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Az experts: Trump's proposed tax on Mexican imports would be a 'disaster'

President Donald Trump's proposal for a 20 percent tax on imports from Mexico would be a "disaster" that could lead to higher food and other prices and lost jobs in Arizona and trigger a trade war, according to economic development and political leaders.

Trump on Thursday proposed a 20 percent tariff on imports from Mexico to pay for a wall along the southern border. And many of Arizona's imports are manufacturing parts and agricultural products. More than 110,000 jobs in Arizona depend on bilateral trade with Mexico, U.S. Sen. John McCain said.

"It's a disaster because that ends up not with Mexico paying for anything. It ends up with (Arizona and American) consumers paying for stuff, "said Doug Bruhnke, executive director of Global Chamber Tucson and Global Chamber Phoenix.

White House press secretary Sean Spicer announced Thursday that Trump wants the new tariff, but Spicer backtracked later in the day, saying that the tax was just one option as part of a broader overhaul that needs to go through Congress. 

Mexico is Arizona's number one trading partner, for imports and exports, according to the University of Arizona's Eller College of Management. And about 111,200 Arizona jobs directly depend on bilateral trade with Mexico, according to a statement Thursday from McCain.

Arizona's southern neighbor accounts for 37 percent of all Arizona imports from foreign markets, or about $7.64 billion in 2015. And Mexico received about 30 percent of all Arizona exports, or $9.16 billion in 2015.

"Retreating from NAFTA and other international trade agreements will harm our ability to compete in today’s global economy, raise costs for consumers, threaten jobs, and undermine our relations with our closest neighbors," McCain said.

The head of the Tucson Hispanic Chamber of Commerce said the proposed tariff "could have serious implications to Arizona and the nation."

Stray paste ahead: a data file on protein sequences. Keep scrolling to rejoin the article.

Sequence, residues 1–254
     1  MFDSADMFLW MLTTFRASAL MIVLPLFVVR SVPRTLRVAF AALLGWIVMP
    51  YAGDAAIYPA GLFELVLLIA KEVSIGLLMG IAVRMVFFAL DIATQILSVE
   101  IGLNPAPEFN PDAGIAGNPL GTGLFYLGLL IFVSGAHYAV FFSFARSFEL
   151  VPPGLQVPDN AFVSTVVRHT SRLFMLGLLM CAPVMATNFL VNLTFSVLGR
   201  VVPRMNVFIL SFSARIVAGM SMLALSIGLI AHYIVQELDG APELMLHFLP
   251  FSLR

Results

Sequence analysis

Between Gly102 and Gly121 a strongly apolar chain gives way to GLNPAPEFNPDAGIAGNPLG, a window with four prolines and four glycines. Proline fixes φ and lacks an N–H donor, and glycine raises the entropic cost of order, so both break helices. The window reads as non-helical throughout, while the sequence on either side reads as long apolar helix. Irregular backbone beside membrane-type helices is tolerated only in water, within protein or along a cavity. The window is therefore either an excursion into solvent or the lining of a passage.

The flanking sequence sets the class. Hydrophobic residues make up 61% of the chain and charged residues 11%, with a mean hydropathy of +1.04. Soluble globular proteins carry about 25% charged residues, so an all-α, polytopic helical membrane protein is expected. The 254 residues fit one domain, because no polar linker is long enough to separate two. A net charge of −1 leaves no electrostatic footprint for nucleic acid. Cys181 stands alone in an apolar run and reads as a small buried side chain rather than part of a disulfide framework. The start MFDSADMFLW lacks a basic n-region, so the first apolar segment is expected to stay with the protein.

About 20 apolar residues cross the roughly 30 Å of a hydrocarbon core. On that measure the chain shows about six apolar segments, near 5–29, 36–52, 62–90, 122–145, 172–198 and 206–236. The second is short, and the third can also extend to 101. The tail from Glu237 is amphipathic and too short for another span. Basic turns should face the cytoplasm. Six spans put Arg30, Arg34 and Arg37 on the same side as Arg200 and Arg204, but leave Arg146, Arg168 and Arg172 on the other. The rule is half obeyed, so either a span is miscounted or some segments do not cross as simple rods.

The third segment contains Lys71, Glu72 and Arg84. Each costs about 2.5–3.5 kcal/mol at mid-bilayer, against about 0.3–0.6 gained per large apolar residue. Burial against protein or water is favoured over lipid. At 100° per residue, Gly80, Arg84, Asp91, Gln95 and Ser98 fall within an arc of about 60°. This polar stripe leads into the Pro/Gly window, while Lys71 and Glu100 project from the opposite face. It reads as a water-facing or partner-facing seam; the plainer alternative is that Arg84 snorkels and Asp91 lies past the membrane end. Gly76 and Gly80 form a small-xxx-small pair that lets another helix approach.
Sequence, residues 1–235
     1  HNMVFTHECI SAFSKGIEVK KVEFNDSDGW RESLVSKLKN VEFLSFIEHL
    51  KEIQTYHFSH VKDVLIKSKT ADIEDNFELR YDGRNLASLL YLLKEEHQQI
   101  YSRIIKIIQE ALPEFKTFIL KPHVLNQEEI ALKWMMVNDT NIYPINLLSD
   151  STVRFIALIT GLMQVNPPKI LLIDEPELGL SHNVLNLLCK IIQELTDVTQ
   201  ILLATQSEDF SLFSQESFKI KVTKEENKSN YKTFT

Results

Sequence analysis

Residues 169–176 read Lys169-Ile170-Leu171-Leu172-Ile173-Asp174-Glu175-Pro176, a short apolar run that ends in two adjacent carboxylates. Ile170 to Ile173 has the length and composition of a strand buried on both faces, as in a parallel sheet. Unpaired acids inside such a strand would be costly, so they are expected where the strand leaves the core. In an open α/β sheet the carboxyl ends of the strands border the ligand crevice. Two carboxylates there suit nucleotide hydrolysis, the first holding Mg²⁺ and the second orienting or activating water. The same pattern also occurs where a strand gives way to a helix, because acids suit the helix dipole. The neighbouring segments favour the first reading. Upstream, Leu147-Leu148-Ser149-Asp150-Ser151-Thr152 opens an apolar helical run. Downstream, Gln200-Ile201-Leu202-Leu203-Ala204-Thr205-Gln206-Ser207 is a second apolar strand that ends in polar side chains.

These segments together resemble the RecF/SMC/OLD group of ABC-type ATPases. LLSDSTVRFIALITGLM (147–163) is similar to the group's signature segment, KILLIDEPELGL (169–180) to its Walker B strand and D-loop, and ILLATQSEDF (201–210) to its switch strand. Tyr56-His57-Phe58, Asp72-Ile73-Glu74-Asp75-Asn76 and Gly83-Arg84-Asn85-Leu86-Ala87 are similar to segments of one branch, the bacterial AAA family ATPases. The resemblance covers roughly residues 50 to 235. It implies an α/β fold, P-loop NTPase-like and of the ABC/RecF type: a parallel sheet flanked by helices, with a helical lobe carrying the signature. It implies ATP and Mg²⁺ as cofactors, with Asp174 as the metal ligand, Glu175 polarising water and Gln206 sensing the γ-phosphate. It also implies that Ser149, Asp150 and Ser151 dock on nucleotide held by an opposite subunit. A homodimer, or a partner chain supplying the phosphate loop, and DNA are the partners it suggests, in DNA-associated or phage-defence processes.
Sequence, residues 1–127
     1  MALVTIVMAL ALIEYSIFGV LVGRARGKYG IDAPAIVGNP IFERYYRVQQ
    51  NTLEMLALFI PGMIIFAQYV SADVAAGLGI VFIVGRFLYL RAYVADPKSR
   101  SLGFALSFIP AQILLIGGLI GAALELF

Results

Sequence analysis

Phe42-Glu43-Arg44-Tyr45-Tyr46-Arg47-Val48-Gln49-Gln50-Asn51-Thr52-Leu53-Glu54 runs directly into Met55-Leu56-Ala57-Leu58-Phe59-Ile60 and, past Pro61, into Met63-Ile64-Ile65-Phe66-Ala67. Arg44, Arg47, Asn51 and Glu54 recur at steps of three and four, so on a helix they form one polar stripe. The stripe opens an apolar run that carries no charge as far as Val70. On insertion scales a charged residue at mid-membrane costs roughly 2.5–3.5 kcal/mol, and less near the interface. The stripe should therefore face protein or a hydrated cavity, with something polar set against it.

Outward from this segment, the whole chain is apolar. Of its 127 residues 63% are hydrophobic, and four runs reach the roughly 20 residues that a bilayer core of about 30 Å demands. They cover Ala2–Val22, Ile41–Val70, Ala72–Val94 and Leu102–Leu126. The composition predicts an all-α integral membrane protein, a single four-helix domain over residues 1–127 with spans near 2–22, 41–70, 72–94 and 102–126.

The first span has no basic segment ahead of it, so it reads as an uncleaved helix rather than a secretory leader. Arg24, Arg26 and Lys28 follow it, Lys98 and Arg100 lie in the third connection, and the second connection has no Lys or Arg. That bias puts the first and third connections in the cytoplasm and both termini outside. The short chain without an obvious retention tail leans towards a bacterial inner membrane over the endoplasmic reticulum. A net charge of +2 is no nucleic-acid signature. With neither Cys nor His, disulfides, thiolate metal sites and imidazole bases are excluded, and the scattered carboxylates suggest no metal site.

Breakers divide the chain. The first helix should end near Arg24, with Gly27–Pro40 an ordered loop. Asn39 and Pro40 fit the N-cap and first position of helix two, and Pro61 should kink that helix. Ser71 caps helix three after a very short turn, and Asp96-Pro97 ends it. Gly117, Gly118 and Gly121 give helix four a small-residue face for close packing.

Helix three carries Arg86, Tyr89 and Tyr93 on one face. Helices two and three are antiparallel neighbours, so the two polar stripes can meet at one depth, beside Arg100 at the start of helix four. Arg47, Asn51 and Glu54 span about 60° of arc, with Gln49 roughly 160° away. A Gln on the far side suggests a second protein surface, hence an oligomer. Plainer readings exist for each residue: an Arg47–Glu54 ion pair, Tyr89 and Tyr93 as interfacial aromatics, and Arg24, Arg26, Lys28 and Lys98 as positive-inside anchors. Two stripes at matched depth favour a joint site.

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THCC "represents businesses that benefit directly from Mexican citizens shopping and traveling in Nogales, Tucson, Douglas and Sierra Vista. We must consider the impact and threat to our local economies – to the business owner's loss of revenues and the loss of sales tax, hotel taxes, gas taxes, etc. on tax revenues to cities, counties, Arizona and the federal government, " said the group's president, Lea Márquez-Peterson, who commented via email after returning from a business conference in Tijuana on Thursday.

"We plan to continue our advocacy to the Trump administration on building rather than diminishing the relationship with Mexico to remain globally competitive against China," said the business-group CEO, who has been a vocal supporter of Republican candidates such as Arizona Gov. Doug Ducey.

U.S. Rep. Raul Grijalva also blasted the proposal and said it would be "economically devastating" to borderland communities and could trigger a trade war.

"Trump’s first week in office has been marked by one reckless and short-sighted statement after another, and this is no exception. Not only has Trump confirmed that Mexico will not pay for the wall — every dime of this tariff will be shouldered by American consumers — but he has also just given our (nation's) third largest trading partner in the world good reason to retaliate against U.S. exports," the Tucson Democrat said. "In my home state of Arizona, cross-border commerce brings $737 million into our economy every month."

TucsonSentinel.com contacted U.S. Rep. Martha McSally for comment, but that request went unanswered by her office.

Mexico is also Arizona's number one source for imported manufacturing parts, including those for the aerospace, electronic and automotive industries, according to the UA and Bruhnke.

Adding a tax to those imports just drives up expenses for Arizona manufacturers, causing them to raise prices and become less competitive or make less money and lay off workers – or both, Bruhnke said.

"One of the great things about the U.S. and Mexico is we have created a trade zone that is competitive in the world. So a 20 percent tariff just makes the trade zone less competitive. It's a misunderstanding of trade dynamics. It raises the price of products so people can't afford them," he said.

Adding taxes to Mexican imports could trigger a trade war in which Mexico slaps a tax on Arizona exports to Mexico. That would hurt Arizona more because Arizona exports more high value goods south than it imports.